Measuring The Value Of Steve Downie

If personal stats determine the value of Steve Downie to the Flyers, it’s an open and shut case. The 27-year-old unrestricted free-agent-to-be would be given his second farewell from the team that drafted him in the 1st round in 2005, and both parties would move on. But determining Downie’s worth goes beyond personal accolades, which makes him a bigger piece of the puzzle than meets the eye.

The value of Steve Downie can be measured in the Flyers' 31-13-5 record with him in the lineup.
The value of Steve Downie can be measured in the Flyers’ 31-13-5 record with him in the lineup. (Eric Hartline-USA TODAY Sports)

Numbers Can Be Deceiving

In 49 games with the Flyers this season, it’s safe to declare that Steve Downie is not in the Hart Trophy discussion. His three goals and 14 assists, along with a negative-one rating, could lead one to believe the Flyers came out on the losing side of the trade involving he and Max Talbot. After all, Talbot has given the playoff bound Colorado Avalanche 23 points in 65 games.

Although Downie has not been as reliable in point production, or health for that matter, his effect on the Flyers has been felt much deeper than Talbot’s. Consider the team’s overall record with and without Downie. With Downie, the orange and black are an impressive 31-13-5; without the rough and tough Downie, Philly is a daunting 8-16-4.

Since the Flyers win 62 percent of the time when Downie is on the ice and active, his lack of scoring can be immediately dispensed. Further proof lies within his seven-game absence; a span that has resulted in a 1-4-2 record for the Flyers. And despite Downie last recording a point on Mar. 5th in the fashion of a goal against the Washington Capitals, Philly was on an 8-2-1 run before the right winger suffered an upper-body injury against St. Louis on Mar. 22nd.

“He’s a really good hockey player,” said Vincent Lecavalier after defeating Buffalo back in November. “The media says he does these big hits and stuff like that, but he’s definitely much more. He’s a smart player. Like he did on that first goal there, not everybody can make those plays. He’s one of those guys that has the patience to take a second and make sure the other guy is open and then he makes the good pass to him.”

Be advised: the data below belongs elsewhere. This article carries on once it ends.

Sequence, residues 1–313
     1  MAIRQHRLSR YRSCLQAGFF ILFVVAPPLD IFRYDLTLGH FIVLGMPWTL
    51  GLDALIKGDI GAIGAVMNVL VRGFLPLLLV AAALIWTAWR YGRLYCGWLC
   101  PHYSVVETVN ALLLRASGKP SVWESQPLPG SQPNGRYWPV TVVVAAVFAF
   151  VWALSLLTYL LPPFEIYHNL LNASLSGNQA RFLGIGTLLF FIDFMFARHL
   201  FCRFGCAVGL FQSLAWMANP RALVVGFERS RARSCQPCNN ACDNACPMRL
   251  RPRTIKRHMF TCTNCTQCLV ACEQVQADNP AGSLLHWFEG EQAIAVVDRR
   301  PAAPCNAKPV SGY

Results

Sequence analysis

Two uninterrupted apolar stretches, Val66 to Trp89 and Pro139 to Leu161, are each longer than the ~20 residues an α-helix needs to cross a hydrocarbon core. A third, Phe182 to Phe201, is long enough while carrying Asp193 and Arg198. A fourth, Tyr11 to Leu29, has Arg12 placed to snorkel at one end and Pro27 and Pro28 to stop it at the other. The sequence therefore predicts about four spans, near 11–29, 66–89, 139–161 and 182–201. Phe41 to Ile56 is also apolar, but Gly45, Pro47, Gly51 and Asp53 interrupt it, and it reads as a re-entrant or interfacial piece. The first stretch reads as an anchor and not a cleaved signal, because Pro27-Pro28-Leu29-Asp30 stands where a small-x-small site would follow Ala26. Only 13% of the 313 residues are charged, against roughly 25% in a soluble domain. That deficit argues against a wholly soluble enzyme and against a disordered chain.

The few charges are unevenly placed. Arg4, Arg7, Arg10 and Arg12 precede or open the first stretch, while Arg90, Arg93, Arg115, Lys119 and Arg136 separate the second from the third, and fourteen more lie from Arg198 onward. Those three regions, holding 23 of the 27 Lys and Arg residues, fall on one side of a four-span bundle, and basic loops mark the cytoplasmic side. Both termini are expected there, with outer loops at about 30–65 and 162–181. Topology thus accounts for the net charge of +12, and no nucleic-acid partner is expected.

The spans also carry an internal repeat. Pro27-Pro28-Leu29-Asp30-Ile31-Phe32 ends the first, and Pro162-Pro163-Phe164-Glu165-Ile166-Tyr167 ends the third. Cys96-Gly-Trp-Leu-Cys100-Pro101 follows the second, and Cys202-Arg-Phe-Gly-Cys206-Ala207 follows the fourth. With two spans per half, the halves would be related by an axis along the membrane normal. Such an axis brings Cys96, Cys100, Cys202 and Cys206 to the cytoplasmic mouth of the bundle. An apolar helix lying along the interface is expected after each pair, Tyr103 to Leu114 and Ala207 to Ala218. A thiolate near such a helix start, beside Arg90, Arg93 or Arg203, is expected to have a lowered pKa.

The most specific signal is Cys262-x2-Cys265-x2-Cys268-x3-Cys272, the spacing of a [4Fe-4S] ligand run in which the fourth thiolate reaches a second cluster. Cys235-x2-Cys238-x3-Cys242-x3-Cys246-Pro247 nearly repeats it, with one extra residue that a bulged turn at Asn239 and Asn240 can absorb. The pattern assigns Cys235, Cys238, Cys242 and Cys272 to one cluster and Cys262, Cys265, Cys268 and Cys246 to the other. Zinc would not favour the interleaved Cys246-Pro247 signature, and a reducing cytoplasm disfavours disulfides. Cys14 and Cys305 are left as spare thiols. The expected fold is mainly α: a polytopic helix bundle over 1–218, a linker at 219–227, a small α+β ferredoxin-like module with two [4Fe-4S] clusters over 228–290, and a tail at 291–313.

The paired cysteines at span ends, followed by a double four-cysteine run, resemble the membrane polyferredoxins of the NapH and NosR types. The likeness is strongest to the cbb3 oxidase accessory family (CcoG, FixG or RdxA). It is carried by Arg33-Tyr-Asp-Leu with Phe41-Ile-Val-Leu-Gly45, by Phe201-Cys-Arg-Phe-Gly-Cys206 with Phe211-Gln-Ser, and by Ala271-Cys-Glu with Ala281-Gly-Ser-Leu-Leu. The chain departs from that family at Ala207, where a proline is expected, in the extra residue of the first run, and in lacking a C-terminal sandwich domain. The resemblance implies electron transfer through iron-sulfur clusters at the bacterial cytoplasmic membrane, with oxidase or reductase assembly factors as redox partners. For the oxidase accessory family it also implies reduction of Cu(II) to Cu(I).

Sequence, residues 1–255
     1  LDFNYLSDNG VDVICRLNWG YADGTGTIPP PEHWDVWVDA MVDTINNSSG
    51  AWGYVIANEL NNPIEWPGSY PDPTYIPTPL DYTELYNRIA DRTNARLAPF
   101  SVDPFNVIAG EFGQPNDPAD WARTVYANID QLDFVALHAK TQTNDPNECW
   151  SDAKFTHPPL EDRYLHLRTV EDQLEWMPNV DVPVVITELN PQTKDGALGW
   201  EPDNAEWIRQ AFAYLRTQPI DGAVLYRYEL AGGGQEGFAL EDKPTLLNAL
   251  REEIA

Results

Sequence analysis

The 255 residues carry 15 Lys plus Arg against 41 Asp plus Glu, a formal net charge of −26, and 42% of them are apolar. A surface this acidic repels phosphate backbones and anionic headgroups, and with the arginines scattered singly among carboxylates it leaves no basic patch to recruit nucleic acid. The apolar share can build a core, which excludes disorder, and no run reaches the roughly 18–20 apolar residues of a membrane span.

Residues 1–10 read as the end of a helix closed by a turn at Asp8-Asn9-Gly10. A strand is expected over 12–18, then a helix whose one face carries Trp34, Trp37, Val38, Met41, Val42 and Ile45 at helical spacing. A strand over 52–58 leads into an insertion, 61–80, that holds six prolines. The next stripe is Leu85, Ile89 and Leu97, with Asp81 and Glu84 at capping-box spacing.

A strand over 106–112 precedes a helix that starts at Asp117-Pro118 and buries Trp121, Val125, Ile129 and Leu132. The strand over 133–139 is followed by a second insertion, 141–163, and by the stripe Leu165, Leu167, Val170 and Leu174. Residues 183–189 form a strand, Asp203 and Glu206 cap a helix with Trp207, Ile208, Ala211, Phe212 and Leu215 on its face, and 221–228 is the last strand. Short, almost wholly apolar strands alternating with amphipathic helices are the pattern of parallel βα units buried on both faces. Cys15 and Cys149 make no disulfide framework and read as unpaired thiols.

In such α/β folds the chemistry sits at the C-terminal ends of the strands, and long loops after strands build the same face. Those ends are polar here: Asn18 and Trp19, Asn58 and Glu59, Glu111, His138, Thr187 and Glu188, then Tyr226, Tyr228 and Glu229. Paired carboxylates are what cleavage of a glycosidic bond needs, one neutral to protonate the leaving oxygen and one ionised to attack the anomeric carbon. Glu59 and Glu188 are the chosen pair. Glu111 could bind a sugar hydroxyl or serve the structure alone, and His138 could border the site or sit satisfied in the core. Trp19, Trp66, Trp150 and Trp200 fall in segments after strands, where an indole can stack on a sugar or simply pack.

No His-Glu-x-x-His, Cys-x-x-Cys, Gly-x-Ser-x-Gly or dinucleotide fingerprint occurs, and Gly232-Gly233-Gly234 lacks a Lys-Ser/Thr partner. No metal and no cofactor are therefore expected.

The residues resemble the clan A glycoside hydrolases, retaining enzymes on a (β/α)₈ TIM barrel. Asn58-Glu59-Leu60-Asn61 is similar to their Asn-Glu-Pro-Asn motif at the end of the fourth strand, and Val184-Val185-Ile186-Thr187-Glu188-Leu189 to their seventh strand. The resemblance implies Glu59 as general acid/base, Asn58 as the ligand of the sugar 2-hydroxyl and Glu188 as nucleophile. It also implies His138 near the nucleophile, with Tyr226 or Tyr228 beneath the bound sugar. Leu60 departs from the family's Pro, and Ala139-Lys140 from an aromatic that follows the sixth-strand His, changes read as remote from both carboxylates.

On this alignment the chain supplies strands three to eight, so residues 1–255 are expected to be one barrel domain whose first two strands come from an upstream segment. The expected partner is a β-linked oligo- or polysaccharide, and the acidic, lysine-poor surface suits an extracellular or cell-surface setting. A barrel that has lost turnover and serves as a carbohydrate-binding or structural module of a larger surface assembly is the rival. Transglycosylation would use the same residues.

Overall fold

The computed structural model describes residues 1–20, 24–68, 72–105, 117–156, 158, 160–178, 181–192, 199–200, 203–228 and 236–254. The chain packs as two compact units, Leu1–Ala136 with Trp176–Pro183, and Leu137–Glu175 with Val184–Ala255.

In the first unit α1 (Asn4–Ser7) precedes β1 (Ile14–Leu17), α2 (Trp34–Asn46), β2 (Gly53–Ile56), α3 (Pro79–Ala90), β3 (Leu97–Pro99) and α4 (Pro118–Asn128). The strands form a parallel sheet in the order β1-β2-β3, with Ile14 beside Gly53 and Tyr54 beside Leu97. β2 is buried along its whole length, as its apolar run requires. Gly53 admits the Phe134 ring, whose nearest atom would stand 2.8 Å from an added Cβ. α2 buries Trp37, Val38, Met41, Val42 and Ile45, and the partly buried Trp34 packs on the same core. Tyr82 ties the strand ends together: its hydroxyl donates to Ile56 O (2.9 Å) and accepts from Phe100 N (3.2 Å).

The Mentor

Sean Couturier's numbers appear to be a direct correlation with the value of Steve Downie
Sean Couturier’s numbers appear to be a direct correlation with the value of Steve Downie. (Charles LeClaire-US PRESSWIRE)

Since Downie and his minuscule 17 points with the Flyers this year are so pivotal to the team’s win-loss column, what gives? The value of Steve Downie can be seen in his role with players such as Sean Couturier and Matt Read.

“He (Craig Berube) seems to be onto something with the combo of Sean Couturier, Steve Downie and Matt Read. The line makes sense when you look at it, and they’ve been nearly impossible to stop over the last three contests. Since last Tuesday, the trio has produced five goals and 13 points.

“If your top line is scoring at that rate, then your team will be very difficult to stop. When it’s the third line though, it provides an incredible level of scoring depth that is hard for other squads to match up against. It isn’t like the line is just getting puck luck either.” — FanSided

Couturier, who is emerging as an elite shutdown forward, seems to be the top beneficiary of Downie’s presence on the ice. Since the Olympic break while playing with Downie, Couturier registered seven points with a plus-four rating. Without Downie, the 21-year-old center has taken a nose dive, recording just a single assist and a minus-three rating.

“On the breakout, he’s willing to take the hit to make that pass or make that play and he gives you an extra second or two to skate,” explained Couturier. “He’s been a big part of the success of our line.”